NJ Minimum Wage Agreement Will Have Significant Business Impact

“The agreement by Gov. Phil Murphy and legislative leadership to raise the minimum wage to $15 an hour may be predictable, but it is far from economically responsible. Yes, the phase-in is deliberate. But there does not appear to be any consideration of the significant impacts this increase will have on small businesses and its various sectors, both now and in the future. There has been no acknowledgment of the cumulative costs our small businesses already have to absorb to run a business in New Jersey — like added mandates, expensive compliance regulations, more subsidies for energy delivery and increased taxes as a means to balance the state budget. For this, New Jersey ranks dead last for business friendliness before we even get to a $15 minimum wage.”

Read: NJBIA: $15 minimum wage agreement will have big impact on small business at ROI-NJ

NJ 8th Least Affected By Government Shutdown

Government ShutdownGovernment shutdown? What government shutdown? New Jersey is far better off than some other States, it appears. Let’s hope pragmatic and reasonable minds prevail and a deal is struct in the near term.

“New Jersey is one of the states least affected by the federal government shutdown, now in its 13th day, according to a Thursday study by personal-finance website WalletHub. The nationwide study compared all 50 states and the District of Columbia using five metrics: share of federal jobs, federal contract dollars per capita, access to national parks, the percentage of families receiving food stamps and real estate as a percentage of a state’s gross domestic product. New Jersey ranked 45th in its share of federal jobs, 31st in federal contract dollars per capita, 39th in access to national parks and 43rd in percentage of families receiving food stamps.”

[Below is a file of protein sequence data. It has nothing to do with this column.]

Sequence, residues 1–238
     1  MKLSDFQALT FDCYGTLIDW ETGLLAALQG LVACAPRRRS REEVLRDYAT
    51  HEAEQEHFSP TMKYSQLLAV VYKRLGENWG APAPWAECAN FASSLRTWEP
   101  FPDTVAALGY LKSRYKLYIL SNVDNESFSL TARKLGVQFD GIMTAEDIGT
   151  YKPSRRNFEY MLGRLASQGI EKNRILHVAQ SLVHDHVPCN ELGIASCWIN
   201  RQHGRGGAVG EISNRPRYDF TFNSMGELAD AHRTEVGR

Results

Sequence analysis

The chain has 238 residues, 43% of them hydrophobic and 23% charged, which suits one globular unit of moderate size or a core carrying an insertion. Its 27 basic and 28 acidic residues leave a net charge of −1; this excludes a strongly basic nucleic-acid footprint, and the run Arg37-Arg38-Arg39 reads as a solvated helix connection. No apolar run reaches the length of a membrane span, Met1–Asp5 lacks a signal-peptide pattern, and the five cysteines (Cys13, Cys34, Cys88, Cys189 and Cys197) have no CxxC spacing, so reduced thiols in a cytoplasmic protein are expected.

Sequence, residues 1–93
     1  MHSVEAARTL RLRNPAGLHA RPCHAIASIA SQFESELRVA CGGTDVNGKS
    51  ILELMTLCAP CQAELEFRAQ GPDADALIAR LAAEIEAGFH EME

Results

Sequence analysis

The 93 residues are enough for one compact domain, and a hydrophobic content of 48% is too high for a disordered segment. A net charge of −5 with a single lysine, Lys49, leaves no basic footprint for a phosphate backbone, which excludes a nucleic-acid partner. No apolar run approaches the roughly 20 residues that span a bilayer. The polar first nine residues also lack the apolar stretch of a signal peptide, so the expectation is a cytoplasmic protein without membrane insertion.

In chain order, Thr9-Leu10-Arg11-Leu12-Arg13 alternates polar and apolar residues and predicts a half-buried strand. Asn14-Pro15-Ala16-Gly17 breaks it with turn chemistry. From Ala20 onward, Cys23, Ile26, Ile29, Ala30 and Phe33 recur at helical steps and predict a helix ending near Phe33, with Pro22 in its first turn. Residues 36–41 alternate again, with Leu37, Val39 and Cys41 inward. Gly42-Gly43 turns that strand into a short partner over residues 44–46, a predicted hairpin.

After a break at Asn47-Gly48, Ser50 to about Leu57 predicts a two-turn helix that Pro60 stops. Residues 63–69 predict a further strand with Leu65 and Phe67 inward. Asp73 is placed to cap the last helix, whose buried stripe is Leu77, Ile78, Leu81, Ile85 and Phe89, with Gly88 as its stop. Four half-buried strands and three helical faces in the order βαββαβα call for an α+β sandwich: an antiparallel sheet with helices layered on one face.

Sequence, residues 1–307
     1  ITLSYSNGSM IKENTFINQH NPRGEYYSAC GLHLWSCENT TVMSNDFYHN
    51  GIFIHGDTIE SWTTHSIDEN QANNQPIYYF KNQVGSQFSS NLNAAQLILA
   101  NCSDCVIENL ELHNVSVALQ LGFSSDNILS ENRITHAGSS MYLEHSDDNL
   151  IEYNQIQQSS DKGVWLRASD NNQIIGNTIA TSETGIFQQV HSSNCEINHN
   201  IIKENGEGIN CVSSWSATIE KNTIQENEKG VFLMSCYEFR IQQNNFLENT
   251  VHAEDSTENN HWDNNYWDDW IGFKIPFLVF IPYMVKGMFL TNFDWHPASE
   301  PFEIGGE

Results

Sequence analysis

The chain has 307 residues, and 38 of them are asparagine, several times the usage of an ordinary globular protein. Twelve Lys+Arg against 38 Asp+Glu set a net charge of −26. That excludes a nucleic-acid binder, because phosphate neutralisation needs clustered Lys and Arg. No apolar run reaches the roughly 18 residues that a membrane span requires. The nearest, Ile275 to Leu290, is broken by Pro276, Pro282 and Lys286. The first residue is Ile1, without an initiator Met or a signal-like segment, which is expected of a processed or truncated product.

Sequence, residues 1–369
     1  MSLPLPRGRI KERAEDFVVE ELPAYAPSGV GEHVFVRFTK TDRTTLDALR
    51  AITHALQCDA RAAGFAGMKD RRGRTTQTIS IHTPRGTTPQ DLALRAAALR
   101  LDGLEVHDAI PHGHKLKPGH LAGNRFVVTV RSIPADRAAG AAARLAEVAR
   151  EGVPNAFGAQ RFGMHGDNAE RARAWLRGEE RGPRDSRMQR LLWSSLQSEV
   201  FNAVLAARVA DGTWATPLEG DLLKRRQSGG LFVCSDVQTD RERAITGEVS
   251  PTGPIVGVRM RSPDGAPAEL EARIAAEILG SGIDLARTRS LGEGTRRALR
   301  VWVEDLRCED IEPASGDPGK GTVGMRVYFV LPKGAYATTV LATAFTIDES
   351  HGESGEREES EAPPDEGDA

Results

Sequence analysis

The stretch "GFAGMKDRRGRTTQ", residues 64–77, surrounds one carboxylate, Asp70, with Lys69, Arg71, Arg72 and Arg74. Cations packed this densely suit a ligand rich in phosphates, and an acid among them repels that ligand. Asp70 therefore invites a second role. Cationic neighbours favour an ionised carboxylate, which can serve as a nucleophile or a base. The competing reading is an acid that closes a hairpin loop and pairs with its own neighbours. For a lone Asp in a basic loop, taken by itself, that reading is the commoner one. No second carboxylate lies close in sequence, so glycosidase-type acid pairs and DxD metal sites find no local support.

Read: NJ ranks 8th least affected by government shutdown, study finds at NJBIZ

New Jersey’s Tax Structure Worst In Nation, Report Finds

New Jersey's Tax StructureNew Jersey’s tax structure is the worst in the nation according to a recent report. Isn’t this what New Years’ resolutions are for? Let us wish that New Jersey gets it tax structure in gear to enhance our competitiveness so other states don’t keep trying to eat our lunch.

“A new study shows New Jersey’s tax structure is the worst in the U.S., thanks to its nation-leading property taxes, second-highest corporate tax and some of the worst-structured individual income taxes. The Tax Foundation’s 2019 State Business Tax Climate Index, published Wednesday, ranked New Jersey 50th, citing the state’s high taxes and its inequitable and non-neutral tax incentives. Jared Walczak, lead author for the report, said the state has picked winners and losers in its tax structure by offering carve-outs and tax exemptions for the types of businesses the state wants to attract or retain, ultimately dragging down its overall ranking.”